Maj. Gen. Jamil Sayyed (search), who had stepped aside on Friday, announced his resignation in a statement. His earlier move had placed Sayyed "at the disposal" of the prime minister, a formula that had allowed him to step aside without resigning.
But on Monday he said he was resigning to avoid confusion and because of Lebanese policy changes dictated "by the changing political developments."
"I am honored to request that my services be terminated and that the resignation is accepted," he said in his statement.
Sayyed, an army general, was director-general of the Interior Ministry's General Security Department, which handles issuing passports, border controls and censorship of publications. But Sayyed, who was moved to the ministry when President Emile Lahoud was elected by Parliament in 1998, also became Syria's closest ally in the Lebanese security services.
The mood in Lebanon, where Syria held sway for decades unopposed, quickly changed after former prime minister Rafik Hariri was assassinated Feb. 14. The Lebanese opposition blamed the murder on the Lebanese government and its Syrian backers, accusations both governments deny.
Since then, massive demonstrations brought down the government and, coupled with international uproar and pressure, forced Syria to begin withdrawing its army from Lebanon in March. The withdrawal is expected to be completed Tuesday.
The Lebanese opposition has demanded the withdrawal of the Syrian army, an international investigation into the assassination of former prime minister Rafik Hariri and the resignation of security chiefs for alleged negligence — or worse.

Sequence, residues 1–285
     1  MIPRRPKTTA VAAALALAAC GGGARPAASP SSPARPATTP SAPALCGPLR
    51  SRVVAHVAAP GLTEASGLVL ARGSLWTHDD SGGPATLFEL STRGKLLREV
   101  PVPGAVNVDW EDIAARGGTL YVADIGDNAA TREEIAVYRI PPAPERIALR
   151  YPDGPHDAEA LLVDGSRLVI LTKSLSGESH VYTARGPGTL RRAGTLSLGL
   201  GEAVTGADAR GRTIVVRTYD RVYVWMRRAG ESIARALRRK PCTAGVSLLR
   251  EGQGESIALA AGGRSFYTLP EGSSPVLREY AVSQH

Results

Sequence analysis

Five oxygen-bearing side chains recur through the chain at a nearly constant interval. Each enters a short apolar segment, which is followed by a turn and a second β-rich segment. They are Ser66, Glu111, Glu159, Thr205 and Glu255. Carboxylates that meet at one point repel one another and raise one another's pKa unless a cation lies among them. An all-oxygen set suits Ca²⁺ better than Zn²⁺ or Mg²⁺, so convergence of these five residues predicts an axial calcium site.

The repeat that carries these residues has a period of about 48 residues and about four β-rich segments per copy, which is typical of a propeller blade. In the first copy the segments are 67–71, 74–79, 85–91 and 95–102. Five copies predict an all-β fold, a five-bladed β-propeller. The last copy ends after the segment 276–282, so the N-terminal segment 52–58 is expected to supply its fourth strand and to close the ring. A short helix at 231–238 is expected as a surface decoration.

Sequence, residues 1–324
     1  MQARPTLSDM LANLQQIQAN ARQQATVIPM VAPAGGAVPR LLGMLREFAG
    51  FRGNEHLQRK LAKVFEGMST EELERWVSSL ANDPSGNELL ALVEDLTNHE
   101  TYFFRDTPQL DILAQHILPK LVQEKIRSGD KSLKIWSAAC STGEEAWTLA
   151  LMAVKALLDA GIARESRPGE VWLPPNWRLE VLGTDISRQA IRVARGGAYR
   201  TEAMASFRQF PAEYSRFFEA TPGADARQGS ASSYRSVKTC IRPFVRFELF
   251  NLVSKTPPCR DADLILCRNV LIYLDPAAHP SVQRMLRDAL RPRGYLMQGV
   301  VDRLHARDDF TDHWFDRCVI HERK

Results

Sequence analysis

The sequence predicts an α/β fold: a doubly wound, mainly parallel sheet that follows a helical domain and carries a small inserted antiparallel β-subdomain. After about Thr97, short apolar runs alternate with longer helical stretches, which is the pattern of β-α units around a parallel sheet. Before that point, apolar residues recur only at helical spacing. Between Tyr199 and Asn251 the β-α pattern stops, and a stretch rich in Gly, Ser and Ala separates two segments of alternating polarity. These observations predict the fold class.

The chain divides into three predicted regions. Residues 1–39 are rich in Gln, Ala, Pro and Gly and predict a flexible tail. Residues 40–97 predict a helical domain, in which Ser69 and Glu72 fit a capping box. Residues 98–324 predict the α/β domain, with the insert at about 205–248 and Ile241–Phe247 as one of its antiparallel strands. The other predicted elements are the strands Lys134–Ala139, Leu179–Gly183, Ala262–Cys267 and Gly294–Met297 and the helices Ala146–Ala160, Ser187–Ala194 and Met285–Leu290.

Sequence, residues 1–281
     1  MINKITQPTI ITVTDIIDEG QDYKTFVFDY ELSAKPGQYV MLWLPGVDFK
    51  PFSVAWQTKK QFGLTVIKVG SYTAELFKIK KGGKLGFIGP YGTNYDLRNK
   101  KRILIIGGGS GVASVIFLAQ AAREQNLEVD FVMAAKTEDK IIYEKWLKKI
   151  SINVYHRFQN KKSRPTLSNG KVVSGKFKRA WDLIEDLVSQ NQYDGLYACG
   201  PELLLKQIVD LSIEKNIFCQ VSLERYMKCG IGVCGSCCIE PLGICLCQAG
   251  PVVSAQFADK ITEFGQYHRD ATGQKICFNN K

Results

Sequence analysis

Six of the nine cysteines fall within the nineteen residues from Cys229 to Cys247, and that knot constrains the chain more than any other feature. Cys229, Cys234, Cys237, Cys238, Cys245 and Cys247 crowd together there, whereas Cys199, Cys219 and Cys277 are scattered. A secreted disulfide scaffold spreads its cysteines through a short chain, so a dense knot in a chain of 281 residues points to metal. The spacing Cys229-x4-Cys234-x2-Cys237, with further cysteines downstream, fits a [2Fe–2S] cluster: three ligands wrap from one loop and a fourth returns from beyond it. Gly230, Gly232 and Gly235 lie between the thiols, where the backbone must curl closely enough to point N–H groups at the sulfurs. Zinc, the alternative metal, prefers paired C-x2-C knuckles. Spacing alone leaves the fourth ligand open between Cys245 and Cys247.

A U.N. fact-finding mission in March suggested the security chiefs step down. The U.N. Security Council is sending a team to investigate Hariri's murder.
Sayyed and two security chiefs have since stepped aside, but opposition politicians have criticized the security chiefs' move and called for their outright resignation or firing.
Maj. Gen. Raymond Azar, the director of Lebanese military intelligence who on March 29 took a one month administrative leave in a move to step aside without resigning, left the country Sunday along with his wife and two boys, a security official said. The official, speaking on customary condition of anonymity, said Azar boarded a plane for Paris.
A military official, also speaking on the condition of anonymity, said Azar was on a 10-day mission. The official would not divulge the nature of the mission.